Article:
If you spent your Thanksgiving holiday powering through the entire first season of Search Party, you’re not alone — we did too. And we were left with plenty of questions for the cast and crew, especially after that surprise finale.
Fortunately, we got answers: Star Alia Shawkat (a.k.a Dory) and co-creators Michael Showalter, Sarah-Violet Bliss, and Charles Rogers hopped on the phone with EW to talk us through the entire first season of their spellbinding mystery-comedy series. Read on to find out more about the finale, the show’s moral perspective, and how Dory and Donald Trump may have more in common than you’d think.
ENTERTAINMENT WEEKLY: Tell us a little about the origins of the show and where it came from.
CHARLES ROGERS: Sarah-Violet and I both have this history in our family. We’re both very interested in personalities on the fringe of narcissism and sociopathy and entitlement. So, there are personalities and characters that we really like to represent. It was just a new adventure for us to be able to put people like the ones we like to satirize in a place of danger, and genre, and mystery, and that was like a totally new thing for us.
And Alia and Michael, what drew you guys to the project?
MICHAEL SHOWALTER: I knew that they were really talented writers and directors when I knew them at NYU [as their professor], and then they made this movie, Fort Tilden, which is great and hilarious and different. When I moved out to L.A., I hired them to work with me on Wet Hot when we did our first season for Netflix. They wrote on the show and did a great job. And I was interested in helping them think of a TV project that they could do, and so we partnered and thought of this idea based around all of our mutual interests in comedy, but also wanting to do something that had a mystery element to it. Sarah-Violet and Charles just kind of ran with it and centered it around this Dory character, which is where Alia came.
ALIA SHAWKAT: I was sent the script and I opened it in my email and I really just liked it right away. I have been sent a lot of… not to sound like I was in a position to not do television, but we’d get sent a lot of stuff and just wouldn’t go out for it because I didn’t want to be on a TV show — I especially didn’t want to do a character that I don’t want to do for a long time. But when I got this one, it didn’t even read like a TV show to me. It read kind of more of like a film story in a way, that it was kind of subtle and interesting and I liked the tone.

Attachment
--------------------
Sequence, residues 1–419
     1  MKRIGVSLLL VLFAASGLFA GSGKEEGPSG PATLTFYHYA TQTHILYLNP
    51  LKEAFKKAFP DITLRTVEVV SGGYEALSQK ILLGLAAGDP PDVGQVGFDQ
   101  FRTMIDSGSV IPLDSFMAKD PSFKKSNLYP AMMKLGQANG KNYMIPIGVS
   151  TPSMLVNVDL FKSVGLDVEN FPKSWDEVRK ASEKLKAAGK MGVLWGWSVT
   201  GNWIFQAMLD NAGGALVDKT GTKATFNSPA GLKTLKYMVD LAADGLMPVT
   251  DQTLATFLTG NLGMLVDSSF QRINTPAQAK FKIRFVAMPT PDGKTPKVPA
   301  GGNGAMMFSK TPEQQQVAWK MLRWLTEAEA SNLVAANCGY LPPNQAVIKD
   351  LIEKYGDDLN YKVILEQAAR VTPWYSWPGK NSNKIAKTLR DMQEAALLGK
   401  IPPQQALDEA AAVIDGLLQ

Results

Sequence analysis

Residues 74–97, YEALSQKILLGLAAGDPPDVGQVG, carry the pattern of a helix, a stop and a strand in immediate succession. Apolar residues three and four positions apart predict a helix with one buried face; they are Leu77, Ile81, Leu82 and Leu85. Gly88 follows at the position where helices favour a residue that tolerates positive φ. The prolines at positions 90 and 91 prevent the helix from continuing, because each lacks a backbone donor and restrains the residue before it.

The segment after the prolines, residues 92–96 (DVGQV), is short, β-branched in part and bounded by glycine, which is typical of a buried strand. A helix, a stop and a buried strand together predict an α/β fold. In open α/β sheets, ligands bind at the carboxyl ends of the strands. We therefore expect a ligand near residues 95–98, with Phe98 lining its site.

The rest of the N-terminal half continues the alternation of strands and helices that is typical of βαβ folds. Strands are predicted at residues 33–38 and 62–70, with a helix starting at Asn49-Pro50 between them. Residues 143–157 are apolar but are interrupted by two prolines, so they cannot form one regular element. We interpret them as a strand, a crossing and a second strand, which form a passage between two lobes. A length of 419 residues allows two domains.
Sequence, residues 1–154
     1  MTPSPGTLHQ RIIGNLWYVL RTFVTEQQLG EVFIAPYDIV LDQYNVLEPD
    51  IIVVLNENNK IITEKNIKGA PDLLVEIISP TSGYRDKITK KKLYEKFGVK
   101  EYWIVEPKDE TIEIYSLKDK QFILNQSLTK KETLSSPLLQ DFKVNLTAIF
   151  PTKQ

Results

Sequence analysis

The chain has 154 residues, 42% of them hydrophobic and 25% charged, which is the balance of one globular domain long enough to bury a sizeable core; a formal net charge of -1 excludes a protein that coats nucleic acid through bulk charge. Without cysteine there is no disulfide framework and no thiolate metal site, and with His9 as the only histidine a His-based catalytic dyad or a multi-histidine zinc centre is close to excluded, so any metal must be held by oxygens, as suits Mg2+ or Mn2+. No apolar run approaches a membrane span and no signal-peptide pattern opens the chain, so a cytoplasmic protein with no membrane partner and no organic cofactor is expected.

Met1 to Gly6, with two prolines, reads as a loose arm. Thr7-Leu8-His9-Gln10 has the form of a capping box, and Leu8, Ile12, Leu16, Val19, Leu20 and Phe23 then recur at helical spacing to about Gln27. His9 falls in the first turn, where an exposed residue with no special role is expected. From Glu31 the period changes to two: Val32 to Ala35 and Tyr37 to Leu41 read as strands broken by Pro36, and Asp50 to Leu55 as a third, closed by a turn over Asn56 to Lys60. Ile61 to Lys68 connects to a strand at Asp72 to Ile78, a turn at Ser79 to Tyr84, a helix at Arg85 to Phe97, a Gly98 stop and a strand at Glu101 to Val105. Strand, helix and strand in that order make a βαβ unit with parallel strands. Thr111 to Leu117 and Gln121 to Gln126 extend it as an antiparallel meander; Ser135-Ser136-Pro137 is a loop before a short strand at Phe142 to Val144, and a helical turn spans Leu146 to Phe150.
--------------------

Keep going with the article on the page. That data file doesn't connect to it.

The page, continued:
How do you guys think Search Party connects to Fort Tilden? What’s the through line?
SARAH-VIOLET BLISS: I think that both Fort Tilden and Search Party have this neediness of people in their 20s, trying to figure out in what way they’re going to contribute to the world, and how that contribution is going to be seen by others.
ROGERS: They both address ethics… The same way that Allie in Fort Tilden wanted to go to the Peace Corp, and you were never quite sure if she wanted to go because she was a good person or for slightly nebulous identity reasons, I think that that’s sort of a through line of this show, too. I feel like in this day and age, when people are representing themselves publicly at all times through social media, I feel like every choice you make and you profess to the world that you’re making, is suddenly… There’s no way that you can make a life choice, tell people about it, and not have self-awareness about the fact that you’re making this choice publicly.
Dory is seeking something in this pursuit by looking for Chantal: Is she doing it because she wants to be seen as a good person, is she doing it because she wants to genuinely save somebody, is she doing it because she would hope to be saved herself, if she was in the same position? So, there’s something both Sarah-Violet and I love about the gray area that makes people uncomfortable. I really like making people uncomfortable in that way, because I feel like it’s daring people to examine what they might not want to admit about themselves.
Tell me about the final episode and that ending. What should viewers make of it?
SHAWKAT: So much of what she’s projecting turns out not to be real. And to not get too heady about it, but life is kind of just made up of protections that we decide to give ourselves, how we value ourselves, how we value other people, what excites us and what doesn’t. And so given that, I think that when I discovered as an actress that that was the ending, when we got that script, I was so excited because it gives every answer or every kind of reason you could hope for in any choice you make as an actor. Because at the end of it, it’s not that it’s all for naught. It’s more like: Well, what does it matter? What does ANYTHING matter, really?
In a way, Dory really is a narcissist and a slowly revealed one. So I don’t know, I think that’s an interesting story to tell — like, how dark we really are and how much we decide to show people. We convince ourselves with so much.
BLISS: I think that the ending is trying to illustrate this claim about how when you’re searching, there isn’t an answer to what you’re searching for, and that you can make anything out of nothing. And these connections… it’s kind of an Occam’s razor thing. It’s always the simplest answer — it’s not like, oh, she was part of a cult and then the cult this, this, this, and that.
ROGERS: Once we decided the ending, and that that would be where the meaning of the entire show comes from, then we liked the idea that everything that’s said about Chantal in the pilot — that she was probably just having a moment — is actually the truth. So, ultimately, I think the show is really about Dory’s psychology. If you want meaning so badly in life, if you want to find meaning, you’ll find it, because you’ll create it.